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need higher temp on water heater.

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Old 02-09-2009, 03:53 PM
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need higher temp on water heater.

Just looking for suggestions as to the best way to get our water heater up to 200 degrees. The thermostat that is on there only goes to 155, and the hottest that I have got it up to is 150. We are at about 3500 ft, so I figure with altitude and the slight vacuum, 200 should be good for boiling off water. Evidently we didn't quite get enough water out on the first batch, had a slightly cloudy 27/3 test.(also may have used too much methanol, 22%). Our water heater is running on 220.

fabman suggested using a oven thermostat, but after asking around today, most are wired 110? What is the cheapest way to go about this? Would it work if we wired in some kind of bypass for the initial de-watering?

thanks
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Old 02-09-2009, 06:48 PM
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I don't know who you've been talking to, but I have never seen a oven thermostat that was wired with anything but 240 VAC.............
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Old 02-09-2009, 07:38 PM
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Quote:
Originally Posted by fabmandelux View Post
I don't know who you've been talking to, but I have never seen a oven thermostat that was wired with anything but 240 VAC.............
Any suggestion as to a good one to get? Gramling recommends temp be raised in the processor to 90C, and run till there is no more distillate. Hopefully this will get rid of any remaining water in suspension.
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Old 02-10-2009, 08:45 AM
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I used a thermostat from an boiler style furnace on my appleseed style cooker, but heat my oil in a drum to get rid of water instead of my cooker.

I second what fabman said about the oven thermostat, I've never seen one that wasn't 240V
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Old 02-10-2009, 03:28 PM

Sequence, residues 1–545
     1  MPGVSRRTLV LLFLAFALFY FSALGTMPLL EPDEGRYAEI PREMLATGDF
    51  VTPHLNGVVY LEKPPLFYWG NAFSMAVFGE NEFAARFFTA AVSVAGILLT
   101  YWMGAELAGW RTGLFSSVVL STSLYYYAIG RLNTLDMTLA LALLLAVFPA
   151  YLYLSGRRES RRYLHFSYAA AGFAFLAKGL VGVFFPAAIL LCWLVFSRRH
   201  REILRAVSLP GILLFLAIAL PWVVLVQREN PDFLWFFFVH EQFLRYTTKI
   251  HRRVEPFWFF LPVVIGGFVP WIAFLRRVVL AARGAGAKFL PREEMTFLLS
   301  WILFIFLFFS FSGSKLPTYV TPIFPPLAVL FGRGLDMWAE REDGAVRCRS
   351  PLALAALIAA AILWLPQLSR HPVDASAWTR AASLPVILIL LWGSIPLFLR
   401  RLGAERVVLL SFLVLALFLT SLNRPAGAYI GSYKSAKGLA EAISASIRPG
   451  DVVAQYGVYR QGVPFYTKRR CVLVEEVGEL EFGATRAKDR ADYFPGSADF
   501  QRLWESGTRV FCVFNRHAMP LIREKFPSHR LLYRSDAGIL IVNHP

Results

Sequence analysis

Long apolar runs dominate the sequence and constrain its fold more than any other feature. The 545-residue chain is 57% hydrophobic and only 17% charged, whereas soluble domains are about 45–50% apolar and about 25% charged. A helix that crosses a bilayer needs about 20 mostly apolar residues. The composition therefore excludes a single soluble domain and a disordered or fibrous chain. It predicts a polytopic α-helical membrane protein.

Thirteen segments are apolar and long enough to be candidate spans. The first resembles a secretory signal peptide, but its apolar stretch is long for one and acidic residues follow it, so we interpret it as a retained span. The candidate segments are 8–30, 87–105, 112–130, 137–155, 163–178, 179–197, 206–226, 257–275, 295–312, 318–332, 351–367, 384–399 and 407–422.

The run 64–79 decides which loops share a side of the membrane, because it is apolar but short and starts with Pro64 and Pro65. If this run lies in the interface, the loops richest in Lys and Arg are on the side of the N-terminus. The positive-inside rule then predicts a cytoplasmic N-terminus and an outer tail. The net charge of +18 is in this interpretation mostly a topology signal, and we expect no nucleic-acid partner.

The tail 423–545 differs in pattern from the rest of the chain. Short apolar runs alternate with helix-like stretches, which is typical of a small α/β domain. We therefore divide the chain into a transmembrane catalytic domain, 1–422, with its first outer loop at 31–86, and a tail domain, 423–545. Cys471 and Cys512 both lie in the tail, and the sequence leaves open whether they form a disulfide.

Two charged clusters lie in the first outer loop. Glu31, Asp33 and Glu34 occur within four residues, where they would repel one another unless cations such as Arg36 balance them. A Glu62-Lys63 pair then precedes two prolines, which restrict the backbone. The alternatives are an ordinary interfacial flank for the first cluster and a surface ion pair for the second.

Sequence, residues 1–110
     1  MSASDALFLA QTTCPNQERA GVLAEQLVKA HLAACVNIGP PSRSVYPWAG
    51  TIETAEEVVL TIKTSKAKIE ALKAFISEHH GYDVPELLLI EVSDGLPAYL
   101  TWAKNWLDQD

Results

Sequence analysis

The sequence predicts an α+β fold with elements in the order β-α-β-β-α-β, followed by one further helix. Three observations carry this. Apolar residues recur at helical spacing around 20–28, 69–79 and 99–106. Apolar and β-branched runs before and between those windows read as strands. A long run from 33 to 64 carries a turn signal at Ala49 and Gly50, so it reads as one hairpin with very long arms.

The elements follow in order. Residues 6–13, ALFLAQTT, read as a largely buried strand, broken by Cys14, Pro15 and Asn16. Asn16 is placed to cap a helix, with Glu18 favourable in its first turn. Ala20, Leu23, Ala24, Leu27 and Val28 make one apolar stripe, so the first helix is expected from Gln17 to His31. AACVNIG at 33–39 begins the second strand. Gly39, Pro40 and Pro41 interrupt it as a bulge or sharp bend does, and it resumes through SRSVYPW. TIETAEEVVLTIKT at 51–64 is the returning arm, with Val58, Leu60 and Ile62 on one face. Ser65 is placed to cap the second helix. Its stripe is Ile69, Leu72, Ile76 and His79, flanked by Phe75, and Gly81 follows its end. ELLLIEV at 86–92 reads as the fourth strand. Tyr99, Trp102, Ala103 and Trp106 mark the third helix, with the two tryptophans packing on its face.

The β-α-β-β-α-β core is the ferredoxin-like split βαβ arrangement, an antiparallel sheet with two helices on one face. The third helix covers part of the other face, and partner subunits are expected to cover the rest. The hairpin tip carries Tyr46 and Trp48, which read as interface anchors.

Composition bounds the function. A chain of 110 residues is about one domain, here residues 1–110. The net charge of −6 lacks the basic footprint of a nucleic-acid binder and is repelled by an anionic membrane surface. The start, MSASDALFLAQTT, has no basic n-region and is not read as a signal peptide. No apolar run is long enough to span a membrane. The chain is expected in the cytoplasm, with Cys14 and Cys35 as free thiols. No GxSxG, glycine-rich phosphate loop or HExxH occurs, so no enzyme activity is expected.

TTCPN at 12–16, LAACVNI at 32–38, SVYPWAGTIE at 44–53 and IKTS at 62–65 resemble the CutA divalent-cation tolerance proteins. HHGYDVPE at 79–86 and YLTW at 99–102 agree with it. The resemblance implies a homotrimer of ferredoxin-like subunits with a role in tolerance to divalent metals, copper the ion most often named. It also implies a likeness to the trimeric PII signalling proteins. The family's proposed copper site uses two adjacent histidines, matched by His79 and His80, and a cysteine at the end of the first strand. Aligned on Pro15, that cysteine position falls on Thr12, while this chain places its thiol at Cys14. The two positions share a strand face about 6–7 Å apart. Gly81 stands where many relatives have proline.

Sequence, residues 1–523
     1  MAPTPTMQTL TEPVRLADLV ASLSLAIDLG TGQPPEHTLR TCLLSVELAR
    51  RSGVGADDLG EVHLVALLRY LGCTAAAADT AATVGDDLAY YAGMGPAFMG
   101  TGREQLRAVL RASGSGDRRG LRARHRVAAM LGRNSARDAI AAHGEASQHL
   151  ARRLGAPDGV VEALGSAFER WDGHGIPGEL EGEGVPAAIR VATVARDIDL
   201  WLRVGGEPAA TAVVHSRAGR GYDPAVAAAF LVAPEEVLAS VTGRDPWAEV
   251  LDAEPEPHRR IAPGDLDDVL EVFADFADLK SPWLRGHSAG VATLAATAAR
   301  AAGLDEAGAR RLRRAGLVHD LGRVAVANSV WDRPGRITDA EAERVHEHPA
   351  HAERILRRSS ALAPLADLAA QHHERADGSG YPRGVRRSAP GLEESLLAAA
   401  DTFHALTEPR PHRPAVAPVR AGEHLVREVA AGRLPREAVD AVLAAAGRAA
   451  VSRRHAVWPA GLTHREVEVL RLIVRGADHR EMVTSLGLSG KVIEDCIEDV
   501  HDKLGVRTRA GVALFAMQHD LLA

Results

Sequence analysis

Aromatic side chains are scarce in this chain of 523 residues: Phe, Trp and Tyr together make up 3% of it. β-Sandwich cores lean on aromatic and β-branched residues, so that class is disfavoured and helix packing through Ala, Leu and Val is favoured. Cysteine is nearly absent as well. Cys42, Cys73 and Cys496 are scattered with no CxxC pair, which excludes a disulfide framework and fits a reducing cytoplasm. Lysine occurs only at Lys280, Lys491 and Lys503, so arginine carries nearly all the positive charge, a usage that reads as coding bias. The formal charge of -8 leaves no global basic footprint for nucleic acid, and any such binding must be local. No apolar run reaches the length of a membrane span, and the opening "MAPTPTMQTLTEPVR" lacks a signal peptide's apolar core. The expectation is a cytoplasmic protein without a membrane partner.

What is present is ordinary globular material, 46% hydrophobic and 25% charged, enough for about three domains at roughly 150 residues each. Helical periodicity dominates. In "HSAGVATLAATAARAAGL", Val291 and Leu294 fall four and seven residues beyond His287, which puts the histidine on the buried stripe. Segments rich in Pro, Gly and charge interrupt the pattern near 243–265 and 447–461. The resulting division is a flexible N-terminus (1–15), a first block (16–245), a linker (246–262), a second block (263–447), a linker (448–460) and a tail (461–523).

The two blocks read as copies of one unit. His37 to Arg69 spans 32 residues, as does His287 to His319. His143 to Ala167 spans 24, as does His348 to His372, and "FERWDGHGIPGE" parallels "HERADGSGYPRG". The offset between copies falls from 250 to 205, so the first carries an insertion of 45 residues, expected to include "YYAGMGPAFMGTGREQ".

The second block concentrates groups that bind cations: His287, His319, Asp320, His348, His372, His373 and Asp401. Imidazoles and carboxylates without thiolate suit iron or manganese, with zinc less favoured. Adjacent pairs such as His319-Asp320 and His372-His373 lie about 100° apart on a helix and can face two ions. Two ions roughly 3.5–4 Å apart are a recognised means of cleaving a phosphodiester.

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Originally Posted by Trent Fliginger View Post
Any suggestion as to a good one to get? Gramling recommends temp be raised in the processor to 90C, and run till there is no more distillate. Hopefully this will get rid of any remaining water in suspension.
I didn't buy a new one. I just went to my local appliance repair, and they let me "rob" one off a junker........I'm cheap!
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Old 02-10-2009, 10:59 PM
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Check Grainger. I have a salvaged 80 gal 'boiler'. It was 3 phase/480v and had (9) 6000 watt elements in it!! Its t-stat goes to 180.

I'm interested in what ya find (haven't made time to look yet) because I'd like a t-stat that goes to 190-200 to use in methanol recovery still...

Thought about making a spacer/dampener of some sort to 'trick' a regular element.

I have used several 240v t-stats at 110v w/no problems. We often use water heaters to heat and settle VO for dewatering and use 110v and only lower element to reduce the convection (kinda counters the 'settling part').
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Old 02-10-2009, 11:12 PM
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Quote:
Originally Posted by Trent Fliginger View Post
Any suggestion as to a good one to get? Gramling recommends temp be raised in the processor to 90C, and run till there is no more distillate. Hopefully this will get rid of any remaining water in suspension.
I'm not sure that much heat is required. The BioPro 190 has an 'air drying' stage where it heats the fuel and stirs it while leaving the lid off the processor - I'm sure it is nowhere near that hot!

The more heat you add during and after processing, the greater the chances of increasing the rate of polymerization. FWIW, the reason no 'commercial' bio-d still meets the ASTM standard 'at the pump', is due to the 'stability' portion of the standard. All VO begins to break down or polymerize as soon as it is extracted. The main culprits for enhancing this natural reaction include heat, exposure to oxygen, oxidants (primarilly copper and steel) and time. Does not take them all to get the reaction, but the more of any of these - the faster it happens...

Also, polymerization is main reason why no OE recommends higher than B5. Bosch issued a report a while back that indicated poly was reason for IP failures.
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Old 02-11-2009, 02:25 AM
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Heating the WVO to the boiling point of water BEFORE reacting to remove excess water is NOT a problem. After all, the oil is usually at about 350 deg when it is used for cooking!